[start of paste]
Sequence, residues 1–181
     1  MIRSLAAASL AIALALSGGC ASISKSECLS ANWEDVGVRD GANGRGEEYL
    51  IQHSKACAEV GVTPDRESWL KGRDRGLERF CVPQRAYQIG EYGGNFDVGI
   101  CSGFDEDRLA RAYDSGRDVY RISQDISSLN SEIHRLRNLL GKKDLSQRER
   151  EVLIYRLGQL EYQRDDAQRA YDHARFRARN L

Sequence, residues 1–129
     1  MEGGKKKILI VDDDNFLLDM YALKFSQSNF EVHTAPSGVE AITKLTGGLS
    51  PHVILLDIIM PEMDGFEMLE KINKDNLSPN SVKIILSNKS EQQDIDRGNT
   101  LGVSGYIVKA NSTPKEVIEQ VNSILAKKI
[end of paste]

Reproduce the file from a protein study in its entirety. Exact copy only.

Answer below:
Sequence, residues 1–181
     1  MIRSLAAASL AIALALSGGC ASISKSECLS ANWEDVGVRD GANGRGEEYL
    51  IQHSKACAEV GVTPDRESWL KGRDRGLERF CVPQRAYQIG EYGGNFDVGI
   101  CSGFDEDRLA RAYDSGRDVY RISQDISSLN SEIHRLRNLL GKKDLSQRER
   151  EVLIYRLGQL EYQRDDAQRA YDHARFRARN L

Sequence, residues 1–129
     1  MEGGKKKILI VDDDNFLLDM YALKFSQSNF EVHTAPSGVE AITKLTGGLS
    51  PHVILLDIIM PEMDGFEMLE KINKDNLSPN SVKIILSNKS EQQDIDRGNT
   101  LGVSGYIVKA NSTPKEVIEQ VNSILAKKI